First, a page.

Perceptions of a prison-based substance abuse treatment program among some staff and participants

Sarah Goodrum, Michele Staton, Carl Leukefeld, J. Matthew Webster, Richard T. Purvis

Research output: Contribution to journalArticlepeer-review

6 Scopus citations


Almost 90% of all State and Federal prisons in the U.S. offer some form of substance abuse counseling, and one in eight prisoners have participated in a substance abuse treatment program while incarcerated. Evidence indicates that these programs can be successful in stopping prisoners’ substance abuse. While some data are available about the success of these programs, little is known about program administrators’, counselors’ and participants’ experiences with and perceptions of these treatment programs. These experiences and perceptions remain important because they may be helpful for understanding areas of agreement and conflict in staff-participant relationships. The more understanding we have for these relationships, the more likely it is that we will be able to improve staff-participant communications, program effectiveness, and participant success. The results suggest similarities and differences between staff and participants in the areas of participant motivation, staff-participant communication, race, institutional support, and counselor contacts. Implications of the results of this inquiry for prison-based substance abuse treatment programs are discussed.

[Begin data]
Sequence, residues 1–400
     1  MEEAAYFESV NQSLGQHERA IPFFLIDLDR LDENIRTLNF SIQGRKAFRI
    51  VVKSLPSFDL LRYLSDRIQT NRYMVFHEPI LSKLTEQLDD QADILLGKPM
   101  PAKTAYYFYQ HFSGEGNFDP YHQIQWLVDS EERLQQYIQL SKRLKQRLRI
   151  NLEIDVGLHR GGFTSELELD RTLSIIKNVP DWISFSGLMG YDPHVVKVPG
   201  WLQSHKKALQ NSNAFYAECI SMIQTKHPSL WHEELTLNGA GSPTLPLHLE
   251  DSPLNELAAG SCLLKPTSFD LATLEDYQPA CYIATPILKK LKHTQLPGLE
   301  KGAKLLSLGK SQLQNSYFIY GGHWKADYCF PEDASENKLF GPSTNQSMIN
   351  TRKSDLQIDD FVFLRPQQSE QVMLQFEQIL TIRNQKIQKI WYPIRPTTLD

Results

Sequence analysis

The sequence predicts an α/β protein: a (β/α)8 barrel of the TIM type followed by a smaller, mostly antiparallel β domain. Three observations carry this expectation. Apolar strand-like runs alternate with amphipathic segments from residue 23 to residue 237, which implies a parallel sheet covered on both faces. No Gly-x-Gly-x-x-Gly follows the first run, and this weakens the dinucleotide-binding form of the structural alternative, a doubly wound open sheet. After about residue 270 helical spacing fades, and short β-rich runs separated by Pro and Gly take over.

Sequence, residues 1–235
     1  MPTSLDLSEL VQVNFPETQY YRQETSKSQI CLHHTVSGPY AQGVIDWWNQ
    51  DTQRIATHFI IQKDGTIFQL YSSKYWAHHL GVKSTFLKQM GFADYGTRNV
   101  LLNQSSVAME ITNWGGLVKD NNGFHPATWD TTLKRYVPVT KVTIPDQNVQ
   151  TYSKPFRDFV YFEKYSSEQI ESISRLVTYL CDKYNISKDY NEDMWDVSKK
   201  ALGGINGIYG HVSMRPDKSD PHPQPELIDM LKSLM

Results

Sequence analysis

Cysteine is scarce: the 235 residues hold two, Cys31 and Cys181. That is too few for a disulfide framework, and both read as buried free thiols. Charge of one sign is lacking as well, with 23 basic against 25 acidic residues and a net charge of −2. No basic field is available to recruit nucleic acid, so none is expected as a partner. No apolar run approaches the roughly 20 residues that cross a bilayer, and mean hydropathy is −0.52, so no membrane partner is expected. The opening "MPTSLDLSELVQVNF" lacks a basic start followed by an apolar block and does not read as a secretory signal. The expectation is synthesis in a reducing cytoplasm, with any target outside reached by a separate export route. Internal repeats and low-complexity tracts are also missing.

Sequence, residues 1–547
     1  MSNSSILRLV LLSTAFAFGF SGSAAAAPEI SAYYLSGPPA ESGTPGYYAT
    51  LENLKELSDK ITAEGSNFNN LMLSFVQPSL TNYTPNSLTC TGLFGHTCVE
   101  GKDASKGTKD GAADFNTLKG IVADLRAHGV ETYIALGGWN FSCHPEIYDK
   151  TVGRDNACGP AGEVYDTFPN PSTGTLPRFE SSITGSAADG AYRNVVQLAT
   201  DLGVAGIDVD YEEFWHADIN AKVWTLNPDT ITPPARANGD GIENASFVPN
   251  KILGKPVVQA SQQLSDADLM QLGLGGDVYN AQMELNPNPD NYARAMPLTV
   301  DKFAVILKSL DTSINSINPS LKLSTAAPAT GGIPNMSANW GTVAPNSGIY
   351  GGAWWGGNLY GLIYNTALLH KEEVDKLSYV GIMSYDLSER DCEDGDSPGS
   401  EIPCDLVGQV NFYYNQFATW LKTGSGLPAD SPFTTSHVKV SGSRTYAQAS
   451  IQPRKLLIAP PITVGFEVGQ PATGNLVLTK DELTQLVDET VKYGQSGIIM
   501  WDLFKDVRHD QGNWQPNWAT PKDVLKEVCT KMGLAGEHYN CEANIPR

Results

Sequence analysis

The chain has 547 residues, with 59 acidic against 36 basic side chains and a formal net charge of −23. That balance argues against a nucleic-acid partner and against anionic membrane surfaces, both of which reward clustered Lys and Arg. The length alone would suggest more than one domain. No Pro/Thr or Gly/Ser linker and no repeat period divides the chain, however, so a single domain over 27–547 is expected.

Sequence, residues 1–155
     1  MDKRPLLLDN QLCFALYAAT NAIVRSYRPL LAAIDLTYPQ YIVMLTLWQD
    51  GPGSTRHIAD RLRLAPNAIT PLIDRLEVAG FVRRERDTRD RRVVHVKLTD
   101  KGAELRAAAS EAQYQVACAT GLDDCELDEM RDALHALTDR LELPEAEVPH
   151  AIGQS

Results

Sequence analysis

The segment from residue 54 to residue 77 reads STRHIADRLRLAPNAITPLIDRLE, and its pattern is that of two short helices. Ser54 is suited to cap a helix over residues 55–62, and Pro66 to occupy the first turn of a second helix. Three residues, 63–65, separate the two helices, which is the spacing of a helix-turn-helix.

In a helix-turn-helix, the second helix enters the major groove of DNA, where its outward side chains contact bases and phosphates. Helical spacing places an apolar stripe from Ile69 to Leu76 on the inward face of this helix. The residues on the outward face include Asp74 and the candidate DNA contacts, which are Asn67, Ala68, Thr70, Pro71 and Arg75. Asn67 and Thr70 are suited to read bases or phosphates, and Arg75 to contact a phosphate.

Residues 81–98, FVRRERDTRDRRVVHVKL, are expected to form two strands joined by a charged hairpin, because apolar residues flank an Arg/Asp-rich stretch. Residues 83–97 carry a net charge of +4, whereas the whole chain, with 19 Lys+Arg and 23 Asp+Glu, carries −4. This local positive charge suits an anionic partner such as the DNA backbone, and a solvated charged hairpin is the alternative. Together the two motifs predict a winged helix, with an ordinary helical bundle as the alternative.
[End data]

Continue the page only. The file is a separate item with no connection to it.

Original languageEnglish
Pages (from-to)27-46
Number of pages20
JournalJournal of Offender Rehabilitation
Issue number3-4
StatePublished - Nov 2003


  • Perceptions
  • Prison
  • Qualitative
  • Substance abuse treatment

ASJC Scopus subject areas

  • Rehabilitation
  • Law


Dive into the research topics of 'Perceptions of a prison-based substance abuse treatment program among some staff and participants'. Together they form a unique fingerprint.

Cite this